From an educational perspective, where can one go in the Bible to find the ideal family setting and the ideal family in action? After considerable exploring and pondering, I must admit that I am frustrated, puzzled, and intrigued: Where is the “Focus on the Family” that I was wanting to find?
One can, of course, glean a host of individual verses — especially from the Proverbs. But where are the meaty contexts that tell us and show us how a family should function? Two lonely passages stand out: Deuteronomy 6 and Ephesians 5 and 6. But after that, it’s mostly a desert.
I will deal with Deuteronomy and Ephesians first. Then I will share two surprises that emerged from the woodwork, first, a remarkable number of examples of really bad parenting; second, a cluster of examples that suggest that quality parenting doesn’t really make much difference in the end. Most of the vivid examples are from the Old Testament. The New Testament tells us very little about family. John the Baptist, Jesus, and Paul are all positive characters, but we know almost nothing about their families. Likewise, the families of the 12 apostles are unknown.
We will return to the examples, but now let’s go to Deuteronomy and Ephesians. Deuteronomy 6 opens with general counsel to Israel to obey God’s decrees and commandments so that “your days may be long” (vs. 2). But in 6:7-9, we strike gold: “Keep these words that I am commanding you today in your heart. Recite them to your children and talk about them when you are at home and when you are away, when you lie down and when you rise. Bind them as a sign on your hand, fix them as an emblem on your forehead, and write them on the doorposts of your house and on your gates” (NRSV).
Repetition is the word: “Keep these words in your heart. Recite them to your children, talk about them at home and away, when you lie down and when you rise. Bind them to your body and write them on the doorposts of your house and on your gates.”
Repetition, repetition, repetition! Does it get the job done? Does it help us build our ideals? It can help, but it’s not the whole story. Google yielded this concise Jewish commentary on Deuteronomy 6, the words of which are the basis for the Jewish custom of mezuzah:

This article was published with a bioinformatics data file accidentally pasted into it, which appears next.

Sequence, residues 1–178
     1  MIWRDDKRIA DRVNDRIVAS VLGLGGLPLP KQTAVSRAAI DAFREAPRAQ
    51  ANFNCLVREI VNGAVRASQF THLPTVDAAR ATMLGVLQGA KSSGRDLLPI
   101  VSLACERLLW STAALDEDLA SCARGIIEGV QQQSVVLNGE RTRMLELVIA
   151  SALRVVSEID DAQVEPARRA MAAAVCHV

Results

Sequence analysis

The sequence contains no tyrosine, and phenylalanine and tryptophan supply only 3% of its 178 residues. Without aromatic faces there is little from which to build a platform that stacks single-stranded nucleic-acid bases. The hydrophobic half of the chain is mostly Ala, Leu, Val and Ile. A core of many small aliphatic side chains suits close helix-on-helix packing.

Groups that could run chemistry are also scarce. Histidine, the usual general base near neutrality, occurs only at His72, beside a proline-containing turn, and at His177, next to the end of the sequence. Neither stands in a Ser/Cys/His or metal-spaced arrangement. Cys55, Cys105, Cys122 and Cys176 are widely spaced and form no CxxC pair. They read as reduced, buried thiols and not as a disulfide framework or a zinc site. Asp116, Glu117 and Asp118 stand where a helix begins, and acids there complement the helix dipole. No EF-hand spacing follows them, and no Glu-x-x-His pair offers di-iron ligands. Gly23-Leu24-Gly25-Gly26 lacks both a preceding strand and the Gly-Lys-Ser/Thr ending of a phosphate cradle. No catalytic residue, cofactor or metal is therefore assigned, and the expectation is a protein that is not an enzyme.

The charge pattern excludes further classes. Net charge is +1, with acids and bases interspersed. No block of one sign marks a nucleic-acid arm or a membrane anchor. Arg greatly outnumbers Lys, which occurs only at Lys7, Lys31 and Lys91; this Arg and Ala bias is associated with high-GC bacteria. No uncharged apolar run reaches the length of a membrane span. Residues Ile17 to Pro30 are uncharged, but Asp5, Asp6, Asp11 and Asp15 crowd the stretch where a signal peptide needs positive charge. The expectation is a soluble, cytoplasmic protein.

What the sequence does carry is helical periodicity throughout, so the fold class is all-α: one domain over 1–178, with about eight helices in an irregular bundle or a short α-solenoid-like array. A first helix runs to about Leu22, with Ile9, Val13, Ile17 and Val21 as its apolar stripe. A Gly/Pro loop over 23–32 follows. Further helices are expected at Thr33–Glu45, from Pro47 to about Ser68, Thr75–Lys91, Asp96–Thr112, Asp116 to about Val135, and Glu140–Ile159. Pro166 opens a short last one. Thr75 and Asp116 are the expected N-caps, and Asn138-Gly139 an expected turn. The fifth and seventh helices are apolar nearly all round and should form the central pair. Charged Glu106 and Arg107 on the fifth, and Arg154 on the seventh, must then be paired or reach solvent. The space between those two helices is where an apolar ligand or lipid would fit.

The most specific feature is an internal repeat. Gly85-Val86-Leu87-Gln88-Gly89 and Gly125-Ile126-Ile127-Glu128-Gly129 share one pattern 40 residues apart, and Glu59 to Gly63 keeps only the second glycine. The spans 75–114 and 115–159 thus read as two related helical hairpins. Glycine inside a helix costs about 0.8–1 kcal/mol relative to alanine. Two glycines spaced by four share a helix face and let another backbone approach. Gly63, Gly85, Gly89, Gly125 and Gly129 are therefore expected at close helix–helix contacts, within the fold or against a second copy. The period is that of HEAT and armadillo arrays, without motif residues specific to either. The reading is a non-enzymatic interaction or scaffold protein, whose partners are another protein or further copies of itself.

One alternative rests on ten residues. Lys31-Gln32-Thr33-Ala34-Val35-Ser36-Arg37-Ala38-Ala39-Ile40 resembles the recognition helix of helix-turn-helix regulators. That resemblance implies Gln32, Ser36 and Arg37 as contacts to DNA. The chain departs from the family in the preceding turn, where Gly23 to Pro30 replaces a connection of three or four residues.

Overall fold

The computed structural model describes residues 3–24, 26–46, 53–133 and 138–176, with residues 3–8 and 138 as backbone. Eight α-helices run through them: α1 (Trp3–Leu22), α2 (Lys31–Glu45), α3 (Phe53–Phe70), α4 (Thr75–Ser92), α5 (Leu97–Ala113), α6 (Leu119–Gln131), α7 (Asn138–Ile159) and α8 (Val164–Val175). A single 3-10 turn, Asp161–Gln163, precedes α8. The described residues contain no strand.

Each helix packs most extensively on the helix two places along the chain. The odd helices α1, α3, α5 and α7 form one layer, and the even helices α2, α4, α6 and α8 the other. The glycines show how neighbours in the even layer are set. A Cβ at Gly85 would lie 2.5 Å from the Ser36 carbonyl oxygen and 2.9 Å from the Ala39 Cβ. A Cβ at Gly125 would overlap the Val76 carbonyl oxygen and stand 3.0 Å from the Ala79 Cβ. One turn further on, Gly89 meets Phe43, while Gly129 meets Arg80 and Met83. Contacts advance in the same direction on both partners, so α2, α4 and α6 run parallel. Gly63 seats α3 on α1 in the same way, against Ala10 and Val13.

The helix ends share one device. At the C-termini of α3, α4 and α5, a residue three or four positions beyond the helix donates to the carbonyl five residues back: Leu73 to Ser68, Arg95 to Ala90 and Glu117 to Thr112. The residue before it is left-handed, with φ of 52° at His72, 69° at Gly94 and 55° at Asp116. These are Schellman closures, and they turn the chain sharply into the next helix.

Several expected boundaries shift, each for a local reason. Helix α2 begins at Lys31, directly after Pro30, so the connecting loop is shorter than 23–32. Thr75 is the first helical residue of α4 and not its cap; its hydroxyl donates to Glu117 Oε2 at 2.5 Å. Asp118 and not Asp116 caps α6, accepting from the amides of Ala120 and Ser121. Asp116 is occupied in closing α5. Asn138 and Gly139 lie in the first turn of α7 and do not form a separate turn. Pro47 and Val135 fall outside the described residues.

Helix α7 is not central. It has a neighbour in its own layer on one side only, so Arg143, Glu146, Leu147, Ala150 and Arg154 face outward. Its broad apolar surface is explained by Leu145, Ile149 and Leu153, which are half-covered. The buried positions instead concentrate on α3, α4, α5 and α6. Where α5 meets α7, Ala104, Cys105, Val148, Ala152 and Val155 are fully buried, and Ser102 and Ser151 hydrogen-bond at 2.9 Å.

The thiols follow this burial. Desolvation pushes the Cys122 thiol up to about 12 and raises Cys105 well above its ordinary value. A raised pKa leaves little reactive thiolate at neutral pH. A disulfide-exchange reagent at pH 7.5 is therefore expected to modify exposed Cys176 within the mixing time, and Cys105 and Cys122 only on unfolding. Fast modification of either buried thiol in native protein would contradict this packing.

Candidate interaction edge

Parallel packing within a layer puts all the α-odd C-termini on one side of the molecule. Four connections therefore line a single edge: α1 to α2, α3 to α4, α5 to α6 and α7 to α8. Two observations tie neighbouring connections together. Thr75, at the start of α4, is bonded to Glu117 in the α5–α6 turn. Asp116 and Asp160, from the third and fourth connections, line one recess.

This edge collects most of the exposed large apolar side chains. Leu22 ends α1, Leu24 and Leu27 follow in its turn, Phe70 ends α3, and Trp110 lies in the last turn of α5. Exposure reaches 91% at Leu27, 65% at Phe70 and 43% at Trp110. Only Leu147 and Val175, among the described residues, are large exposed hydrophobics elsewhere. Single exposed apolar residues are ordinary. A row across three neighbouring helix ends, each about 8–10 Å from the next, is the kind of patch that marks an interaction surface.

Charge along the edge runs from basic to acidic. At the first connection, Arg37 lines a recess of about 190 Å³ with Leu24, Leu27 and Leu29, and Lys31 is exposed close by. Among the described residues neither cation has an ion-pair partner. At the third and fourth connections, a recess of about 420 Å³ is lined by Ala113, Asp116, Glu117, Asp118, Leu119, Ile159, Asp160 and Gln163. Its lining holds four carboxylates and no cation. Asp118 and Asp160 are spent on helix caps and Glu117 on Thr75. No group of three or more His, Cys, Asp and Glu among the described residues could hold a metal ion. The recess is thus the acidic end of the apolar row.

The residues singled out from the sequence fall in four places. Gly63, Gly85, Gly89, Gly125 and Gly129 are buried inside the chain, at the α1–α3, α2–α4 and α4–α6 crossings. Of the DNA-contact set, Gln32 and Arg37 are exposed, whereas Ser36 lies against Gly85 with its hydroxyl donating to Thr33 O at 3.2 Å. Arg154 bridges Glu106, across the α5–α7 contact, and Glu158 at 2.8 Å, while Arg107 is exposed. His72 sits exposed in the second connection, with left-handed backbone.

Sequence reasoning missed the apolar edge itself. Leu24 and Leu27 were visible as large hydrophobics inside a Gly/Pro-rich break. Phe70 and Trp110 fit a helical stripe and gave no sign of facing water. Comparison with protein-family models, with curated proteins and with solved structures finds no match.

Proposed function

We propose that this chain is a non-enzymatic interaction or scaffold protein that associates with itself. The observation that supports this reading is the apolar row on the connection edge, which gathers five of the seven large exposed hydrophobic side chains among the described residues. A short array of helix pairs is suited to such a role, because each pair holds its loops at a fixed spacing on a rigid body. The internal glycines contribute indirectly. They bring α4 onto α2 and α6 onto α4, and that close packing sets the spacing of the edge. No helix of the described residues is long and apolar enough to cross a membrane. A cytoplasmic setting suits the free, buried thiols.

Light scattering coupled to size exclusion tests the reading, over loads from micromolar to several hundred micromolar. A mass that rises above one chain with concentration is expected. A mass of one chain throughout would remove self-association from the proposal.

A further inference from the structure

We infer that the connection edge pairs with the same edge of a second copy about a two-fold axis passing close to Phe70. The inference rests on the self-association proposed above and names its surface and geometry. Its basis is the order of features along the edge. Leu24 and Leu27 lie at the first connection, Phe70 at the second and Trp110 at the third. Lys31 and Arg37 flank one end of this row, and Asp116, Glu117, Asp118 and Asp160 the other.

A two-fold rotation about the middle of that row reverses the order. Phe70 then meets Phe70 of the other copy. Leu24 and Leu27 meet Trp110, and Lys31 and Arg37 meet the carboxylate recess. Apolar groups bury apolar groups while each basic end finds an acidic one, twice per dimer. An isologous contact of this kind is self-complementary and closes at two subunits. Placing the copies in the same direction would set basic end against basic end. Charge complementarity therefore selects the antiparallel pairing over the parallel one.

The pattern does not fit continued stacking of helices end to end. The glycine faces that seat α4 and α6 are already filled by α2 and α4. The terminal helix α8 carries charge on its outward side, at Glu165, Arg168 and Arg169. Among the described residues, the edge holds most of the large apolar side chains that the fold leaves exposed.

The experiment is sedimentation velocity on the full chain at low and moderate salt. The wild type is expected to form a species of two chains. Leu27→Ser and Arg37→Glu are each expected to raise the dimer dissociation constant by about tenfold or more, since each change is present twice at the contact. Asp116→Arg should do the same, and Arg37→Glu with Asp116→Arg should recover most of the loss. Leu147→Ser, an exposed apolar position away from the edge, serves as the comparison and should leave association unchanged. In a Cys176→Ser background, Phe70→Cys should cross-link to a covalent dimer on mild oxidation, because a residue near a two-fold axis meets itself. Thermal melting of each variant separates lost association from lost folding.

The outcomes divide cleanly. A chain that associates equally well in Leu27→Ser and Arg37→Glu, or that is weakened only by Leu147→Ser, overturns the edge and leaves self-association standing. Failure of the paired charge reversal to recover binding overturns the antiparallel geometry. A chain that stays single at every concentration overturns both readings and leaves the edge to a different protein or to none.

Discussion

A Jewish household is created by the people who live in it — by the way they act, the things they do and don’t do, the beliefs they hold. To a great extent, a Jewish way of life is a portable faith: you can take it with you anywhere you go. This is true for Shabbat, kashrut, daily prayer, and study of Torah.
It is generally accepted that Judaism as a religion is more oriented to holiness of time than holiness of place. There are many occasions we sanctify, but very few places we call holy.
Is that the whole truth? Not at all, for the very place in which we live, our permanent residence, is sanctified. This is achieved through a very concrete ritual, through the mitzvah — that’s a command performed as a religious duty — of mezuzah.
Mezuzah is of biblical origin and therefore carries great weight. “And you shall inscribe them on the doorposts — in the singular, that’s the word mezuzah — of your house and on your gates” (Deuteronomy 6:9, 11:20). What is to be inscribed? Divine instruction is very clear: “The words that I shall tell you this day”: that you shall love your God, believe only in Him, keep His commandments, and pass all of this on to your children.
Thus, a mezuzah has come to refer also to the parchment, on which the verses of the Torah are inscribed (Deuteronomy 6 and 11). Mezuzah refers as well to the case or container in which the parchment is enclosed. A mezuzah serves two functions: Every time you enter or leave, the mezuzah reminds you that you have a covenant with God; second, the mezuzah serves as a symbol to everyone else that this particular dwelling is constituted as a Jewish household, operating by a special set of rules, rituals, and beliefs.” (https://www.myjewishlearning.com/article/mezuzah/, accessed on October 4, 2020).
Now let me add a COVID-19 repetition to this story. The virus has helped to point out some longstanding habits that I know I should break: I put my hands on my face and I put my hands on the decks in the kitchen and bathroom. I have taken to imagining that every deck is covered with fresh, red paint. If I put my hand or hands on the deck, I imagine that they are stained red.
And my face? I asked my wife to make some thin face masks to wear indoors, simply as a reminder for me to keep my hands away from my face. It helps.
In short, repetition and memorization help provide a solid foundation for further reflection and action. But mere repetition will not necessarily lead to principled thinking and action.
Later, in Deuteronomy 6, however, the ideal comes closer to realization, this time in narrative form:
When your children ask you in time to come, “What is the meaning of the decrees and the statutes and the ordinances that the Lord our God has commanded you?” then you shall say to your children, “We were Pharaoh’s slaves in Egypt, but the Lord brought us out of Egypt with a mighty hand. The Lord displayed before our eyes great and awesome signs and wonders against Egypt, against Pharaoh and all his household. He brought us out from there in order to bring us in, to give us the land that he promised on oath to our ancestors. Then the Lord commanded us to observe all these statutes, to fear the Lord our God, for our lasting good, so as to keep us alive, as is now the case. If we diligently observe this entire commandment before the Lord our God, as he has commanded us, we will be in the right” —Deut. 6:20-25 (NRSV).
The linking of commands to a story gives them staying power. Stories stick; lists get lost. A story reminds us of what is important.